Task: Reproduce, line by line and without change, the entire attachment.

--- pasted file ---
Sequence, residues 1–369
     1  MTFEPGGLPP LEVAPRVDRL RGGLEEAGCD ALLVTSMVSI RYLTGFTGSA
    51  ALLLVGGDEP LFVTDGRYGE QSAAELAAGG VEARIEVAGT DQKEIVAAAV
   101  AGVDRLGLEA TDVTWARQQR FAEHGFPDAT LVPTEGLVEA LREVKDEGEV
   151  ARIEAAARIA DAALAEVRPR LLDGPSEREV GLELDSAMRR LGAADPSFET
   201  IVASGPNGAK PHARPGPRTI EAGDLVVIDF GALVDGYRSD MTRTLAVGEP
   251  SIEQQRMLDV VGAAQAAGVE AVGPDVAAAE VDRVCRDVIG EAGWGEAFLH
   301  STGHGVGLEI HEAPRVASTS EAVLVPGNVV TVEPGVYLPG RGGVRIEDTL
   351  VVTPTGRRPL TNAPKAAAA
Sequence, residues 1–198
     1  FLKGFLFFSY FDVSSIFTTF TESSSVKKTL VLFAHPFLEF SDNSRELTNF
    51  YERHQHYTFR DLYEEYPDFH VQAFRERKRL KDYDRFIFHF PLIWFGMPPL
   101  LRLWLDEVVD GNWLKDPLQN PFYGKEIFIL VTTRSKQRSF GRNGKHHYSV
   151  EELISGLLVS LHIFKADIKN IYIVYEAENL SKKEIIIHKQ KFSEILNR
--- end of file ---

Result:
Sequence, residues 1–369
     1  MTFEPGGLPP LEVAPRVDRL RGGLEEAGCD ALLVTSMVSI RYLTGFTGSA
    51  ALLLVGGDEP LFVTDGRYGE QSAAELAAGG VEARIEVAGT DQKEIVAAAV
   101  AGVDRLGLEA TDVTWARQQR FAEHGFPDAT LVPTEGLVEA LREVKDEGEV
   151  ARIEAAARIA DAALAEVRPR LLDGPSEREV GLELDSAMRR LGAADPSFET
   201  IVASGPNGAK PHARPGPRTI EAGDLVVIDF GALVDGYRSD MTRTLAVGEP
   251  SIEQQRMLDV VGAAQAAGVE AVGPDVAAAE VDRVCRDVIG EAGWGEAFLH
   301  STGHGVGLEI HEAPRVASTS EAVLVPGNVV TVEPGVYLPG RGGVRIEDTL
   351  VVTPTGRRPL TNAPKAAAA
Sequence, residues 1–198
     1  FLKGFLFFSY FDVSSIFTTF TESSSVKKTL VLFAHPFLEF SDNSRELTNF
    51  YERHQHYTFR DLYEEYPDFH VQAFRERKRL KDYDRFIFHF PLIWFGMPPL
   101  LRLWLDEVVD GNWLKDPLQN PFYGKEIFIL VTTRSKQRSF GRNGKHHYSV
   151  EELISGLLVS LHIFKADIKN IYIVYEAENL SKKEIIIHKQ KFSEILNR